There is plenty more that can be deciphered by carefully reading what all is found but we'll go on..as you understand the purpose of strings on disk and memory. As a little exercise do compare the outputs of process strings on disk and memory. It'll be very clear as to why packed executables are so difficult to analyze :)
Lets now see if the malware left any other traces of itself on disk. We already know it made 1 registry entry to ensure it started on each reboot. Lets look at the logs from Capturebat to see what else...if anything..it did. Now the log is big at 348K so we will want to first try and look at only what the process aolsbm.1.exe did. We can then look at the complete log for any further information. You can use find or grep to get only the lines that contain aolsbm.1.exe. Here's 1 way you can do it - grep.exe aolsbm.1.exe c:\malware_outputs\aolsbm\capture.txt > c:\malware_outputs\aolsbm\capture_aolsbm.txt
We can reduce the lines we need to look at even further by looking only at unique lines. Here is how this can be done - cat c:\malware_outputs\aolsbm\capture_aolsbm.txt | uniq -u > c:\malware_outputs\aolsbm\unique_capture_aolsbm.txt
Look at the size of the file unique_capture_aolsbm.txt now. Its just 32K :) [Strangely though, this isnt completely unique, there still seem to be duplicate lines, but it'll do for now]. Of course there will be times when you need to look at the whole file, but to start off this is good enough. I'll mention a few interesting observations from this file now:
--- 2 files that are written to: c:\Windows\lgo and C:\soft20110729_AOL.log. Interesting..the 2nd file at least; it seems to be like a log by the name of today's date. Maybe a log of all the things the process did?
--- Plenty of writes into the Temporary Internet Files folder. This clearly means a browser was used (mostly IE) and it accessed the Internet and wrote a lot of things into this folder. That means the Internet was definitely accessed.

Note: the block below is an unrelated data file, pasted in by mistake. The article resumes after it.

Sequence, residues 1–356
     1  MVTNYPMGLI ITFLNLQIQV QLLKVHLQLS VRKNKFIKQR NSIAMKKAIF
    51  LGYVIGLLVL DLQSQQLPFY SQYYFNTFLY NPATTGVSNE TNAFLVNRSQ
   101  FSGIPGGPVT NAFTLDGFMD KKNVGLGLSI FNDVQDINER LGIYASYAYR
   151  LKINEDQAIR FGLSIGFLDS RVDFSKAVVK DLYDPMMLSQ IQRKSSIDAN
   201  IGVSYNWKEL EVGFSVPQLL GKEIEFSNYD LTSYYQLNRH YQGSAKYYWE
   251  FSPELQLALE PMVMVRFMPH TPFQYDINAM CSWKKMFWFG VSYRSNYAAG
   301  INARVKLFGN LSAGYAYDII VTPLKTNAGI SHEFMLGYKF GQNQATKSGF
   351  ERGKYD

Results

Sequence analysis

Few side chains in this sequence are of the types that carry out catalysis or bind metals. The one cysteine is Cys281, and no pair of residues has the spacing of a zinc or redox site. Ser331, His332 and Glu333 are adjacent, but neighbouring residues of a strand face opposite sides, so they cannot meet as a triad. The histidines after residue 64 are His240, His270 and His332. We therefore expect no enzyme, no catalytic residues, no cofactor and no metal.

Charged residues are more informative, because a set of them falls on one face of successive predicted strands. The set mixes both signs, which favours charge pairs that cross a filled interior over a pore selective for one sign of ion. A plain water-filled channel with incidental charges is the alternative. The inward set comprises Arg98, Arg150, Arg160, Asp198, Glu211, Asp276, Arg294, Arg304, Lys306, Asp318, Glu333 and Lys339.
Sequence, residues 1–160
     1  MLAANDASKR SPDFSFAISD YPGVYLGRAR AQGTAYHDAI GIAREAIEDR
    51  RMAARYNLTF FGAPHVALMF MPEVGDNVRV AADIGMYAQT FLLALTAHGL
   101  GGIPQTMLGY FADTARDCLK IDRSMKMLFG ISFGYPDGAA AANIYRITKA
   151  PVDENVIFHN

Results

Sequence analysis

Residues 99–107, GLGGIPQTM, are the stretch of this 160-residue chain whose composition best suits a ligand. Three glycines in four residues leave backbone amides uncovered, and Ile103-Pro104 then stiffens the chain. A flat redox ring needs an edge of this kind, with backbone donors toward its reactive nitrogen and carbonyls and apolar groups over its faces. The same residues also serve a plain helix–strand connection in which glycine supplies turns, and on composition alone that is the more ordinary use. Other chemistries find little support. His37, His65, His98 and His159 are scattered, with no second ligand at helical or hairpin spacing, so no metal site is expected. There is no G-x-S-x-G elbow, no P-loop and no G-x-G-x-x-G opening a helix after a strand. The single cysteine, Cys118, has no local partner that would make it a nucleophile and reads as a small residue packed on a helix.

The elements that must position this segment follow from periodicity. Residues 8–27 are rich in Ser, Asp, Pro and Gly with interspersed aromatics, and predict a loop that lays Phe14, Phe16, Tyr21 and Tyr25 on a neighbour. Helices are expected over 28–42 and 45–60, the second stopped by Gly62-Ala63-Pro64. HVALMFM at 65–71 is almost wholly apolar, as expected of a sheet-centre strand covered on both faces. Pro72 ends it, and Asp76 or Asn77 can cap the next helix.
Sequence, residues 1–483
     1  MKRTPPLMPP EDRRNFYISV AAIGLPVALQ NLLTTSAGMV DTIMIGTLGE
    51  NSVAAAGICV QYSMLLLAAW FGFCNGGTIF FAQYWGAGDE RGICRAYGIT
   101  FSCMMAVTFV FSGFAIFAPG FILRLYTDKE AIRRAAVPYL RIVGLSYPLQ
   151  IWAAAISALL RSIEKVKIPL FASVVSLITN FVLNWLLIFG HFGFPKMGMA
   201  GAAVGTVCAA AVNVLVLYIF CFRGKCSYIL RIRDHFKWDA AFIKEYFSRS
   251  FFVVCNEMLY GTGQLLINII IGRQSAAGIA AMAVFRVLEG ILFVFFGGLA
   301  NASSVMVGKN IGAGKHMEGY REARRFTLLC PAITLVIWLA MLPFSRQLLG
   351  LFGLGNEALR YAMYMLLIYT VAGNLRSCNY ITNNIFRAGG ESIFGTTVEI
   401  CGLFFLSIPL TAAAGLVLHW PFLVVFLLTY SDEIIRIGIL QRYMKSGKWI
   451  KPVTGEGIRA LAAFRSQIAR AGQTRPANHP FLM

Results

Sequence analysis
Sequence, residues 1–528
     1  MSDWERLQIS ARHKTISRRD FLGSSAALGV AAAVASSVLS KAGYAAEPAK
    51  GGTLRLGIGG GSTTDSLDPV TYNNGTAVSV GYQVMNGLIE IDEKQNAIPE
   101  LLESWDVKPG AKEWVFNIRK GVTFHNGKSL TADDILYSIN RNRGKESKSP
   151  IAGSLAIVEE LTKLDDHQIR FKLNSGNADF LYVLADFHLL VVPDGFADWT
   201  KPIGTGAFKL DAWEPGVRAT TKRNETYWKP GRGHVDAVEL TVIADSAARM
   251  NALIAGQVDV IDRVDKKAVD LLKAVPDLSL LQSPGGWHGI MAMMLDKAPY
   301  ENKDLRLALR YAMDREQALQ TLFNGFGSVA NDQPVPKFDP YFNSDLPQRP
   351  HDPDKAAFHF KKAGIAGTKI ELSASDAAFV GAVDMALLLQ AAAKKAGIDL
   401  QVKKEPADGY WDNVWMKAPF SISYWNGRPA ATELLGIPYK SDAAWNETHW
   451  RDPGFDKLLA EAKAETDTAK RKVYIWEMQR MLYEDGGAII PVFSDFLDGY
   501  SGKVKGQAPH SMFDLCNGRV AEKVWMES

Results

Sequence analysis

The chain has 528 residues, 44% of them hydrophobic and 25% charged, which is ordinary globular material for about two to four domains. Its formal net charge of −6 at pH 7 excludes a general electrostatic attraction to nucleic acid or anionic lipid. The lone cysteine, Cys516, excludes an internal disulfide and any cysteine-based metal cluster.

--- It created many cookies as well for the aol.com domain. Look into the cookies folder on your system.
--- The Autorun registry key right at the top [This confirms it]
Lets quickly look at the output for Regshot now. Regshot also gives us the exact values that were set for each change made..thus bloating the file up. It is however a good double check tool. Scroll right down to the FilesAdded section and beyond...it will more or less confirm what we've already said so far was changed on the system.
Lets finally look at what Wireshark says about Network traffic. We've been saying it talks to the Internet..rt? Here's a few interesting things I found:
--- The file size is 392K which means there is something going on :)
--- There's a request made to google.com; this is probably just to check if Internet is working. It can't be anything else IMO coz google.com is not a malicious site
--- Once that comes back there are requests made to funny sounding domains for the file .sys.php. One of these domains sends a 404 back but one sends a 200 Ok back. Further traffic is then sent to this site.
--- After a few packets there is traffic destined to aol.com and various other sites, including lifestream [remember?]
--- An SSL connection is made and a lot of data exchange is done. Probably even a login is done over this connection, we cannot see this obviously as its all encrypted. Remember we saw Tls API's in the memory strings? This confirms that as well.
--- If you run the malware multiple times you will see many domains being contacted...which means that the selection of the domains.. the logic to do that is also present somewhere in the executable.
Well.. that was a lot of stuff. We didn't use all the tools to their fullest capacity but that's okay. ProcessMonitor for example is extremely verbose and can give us even more info at a much lower level, but we don't need it just now. Remember, the purpose of dynamic analysis is to gain an understanding of what the malware is doing..at a high level. It is primarily through static analysis via a debugger that you will understand how exactly it does the things that it does. And static analysis is more complex :)
That does it for dynamic analysis. Do set up a virtualized environment yourself and play around with this piece of malware which can be found here. Do be careful though and don't violate any rules ;). I've also analyzed this same executable in OllyDbg [static analysis] and that is what we will look at the next time. While performing static analysis you'll find that its extremely useful to know what the exe does..before diving into the code heads on.
Bye for now :)